This weekâs blog isnât necessarily about what goes on in the finish shop. But it is about what goes on with the builders we all are.
Did you read Bill Eslerâs article a few weeks ago about the fines levied against a Canadian firm whose employee experienced amputation by table saw? I did. That very day was a dÃ©jÃ vu day for me. The day I read Billâs article, I happened to visit a shop where I know the owner and the builders well from years of servicing that account. As I stood talking to the owner, I looked over his shoulder and spotted a brand new SawStop table saw in the corner where the good olâ UniSaw used to sit. I said, ââHow do you like the new saw?â He replied, âItâs a great saw but it was more than traumatic the way we came to have it.â
That got my attention. I almost couldnât bring myself to ask why. The guys there are, as I said, friends. But I did and he replied, âYou see the guy at the saw? Look at his hand. He lost part of his hand a few weeks ago.â He lost his balance in front of the saw.
There he was, back in the shop. He couldnât have been fully healed let alone over the emotional trauma of that loss. Yet, he was at the saw once again working with a leather glove protecting his hand.
Fast forward to last week. I was at work talking with the guys in the credit office. Itâs next to mine so we communicate all day long. The name of one of my customers got mentioned. As the story unfolded, he had had a similar accident and lost 90% use of one hand.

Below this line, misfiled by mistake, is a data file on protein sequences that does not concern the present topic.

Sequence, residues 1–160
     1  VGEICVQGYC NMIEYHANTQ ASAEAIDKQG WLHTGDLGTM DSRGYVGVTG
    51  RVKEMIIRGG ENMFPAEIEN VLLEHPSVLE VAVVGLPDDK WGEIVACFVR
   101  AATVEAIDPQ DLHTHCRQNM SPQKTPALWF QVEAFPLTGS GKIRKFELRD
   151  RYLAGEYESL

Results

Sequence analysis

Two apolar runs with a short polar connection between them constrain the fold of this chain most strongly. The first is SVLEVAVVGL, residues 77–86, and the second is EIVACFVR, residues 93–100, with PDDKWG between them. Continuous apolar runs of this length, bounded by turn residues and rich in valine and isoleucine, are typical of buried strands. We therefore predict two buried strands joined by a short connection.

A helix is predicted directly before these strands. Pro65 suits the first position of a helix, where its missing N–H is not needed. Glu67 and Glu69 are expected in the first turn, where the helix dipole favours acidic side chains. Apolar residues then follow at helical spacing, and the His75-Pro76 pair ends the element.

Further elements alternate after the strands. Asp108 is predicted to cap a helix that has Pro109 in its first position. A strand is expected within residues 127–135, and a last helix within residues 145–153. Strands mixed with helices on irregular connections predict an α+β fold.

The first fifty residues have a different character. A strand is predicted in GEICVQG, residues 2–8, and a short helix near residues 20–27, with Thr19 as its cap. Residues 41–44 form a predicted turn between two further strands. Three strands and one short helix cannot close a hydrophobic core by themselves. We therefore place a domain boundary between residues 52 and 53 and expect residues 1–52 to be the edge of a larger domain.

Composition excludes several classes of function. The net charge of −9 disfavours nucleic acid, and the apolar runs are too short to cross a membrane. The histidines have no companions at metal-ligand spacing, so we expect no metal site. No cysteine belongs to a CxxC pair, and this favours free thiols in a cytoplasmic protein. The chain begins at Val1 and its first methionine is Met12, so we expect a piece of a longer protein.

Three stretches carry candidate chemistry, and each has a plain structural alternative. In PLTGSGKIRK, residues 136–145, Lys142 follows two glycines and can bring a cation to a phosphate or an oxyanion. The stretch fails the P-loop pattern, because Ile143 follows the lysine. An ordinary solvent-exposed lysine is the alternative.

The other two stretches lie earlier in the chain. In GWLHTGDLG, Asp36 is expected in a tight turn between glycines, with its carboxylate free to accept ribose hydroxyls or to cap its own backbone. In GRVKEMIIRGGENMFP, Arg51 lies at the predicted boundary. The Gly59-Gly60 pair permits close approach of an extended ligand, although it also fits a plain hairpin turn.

Here comes the irony and the regret. One of our salesmen had visited his shop to extol the merits of the SawStop only weeks before. He had declined the opportunity. Heâs a one man rural shop. Times have been pretty rough. Now, with the loss of the use of one hand, he had called my buddies next door to announce his predicament, say that he was closing his business, while trying to figure out what he was going to do for the rest of his life with only one functional hand.
His doctor had suggested an operation that might return an additional 10% usage to that hand. He couldnât justify the $25000 for an operation with only the hope of that small improvement.
The thing that really struck me was when one of my credit buddies shared an old family saying that rings so true in this instance. There is nothing more expensive than regret.
I get itâ¦do you? This makes three friends of mine who have had table saw accidents in the past year. Please stay safe around your power tools. Please donât come to feel this sting of regret.
Until next timeâ¦spray on!
Bernie Bottens teaches wood finishing in industrial woodworking all over the Pacific Northwest.
Meet him at the AWFS Fair in the Woodworking Network Booth 2139
sponsored by M.L. Campbell.
Visit RedBookOnline.com for suppliers of finishing materials and equipment.
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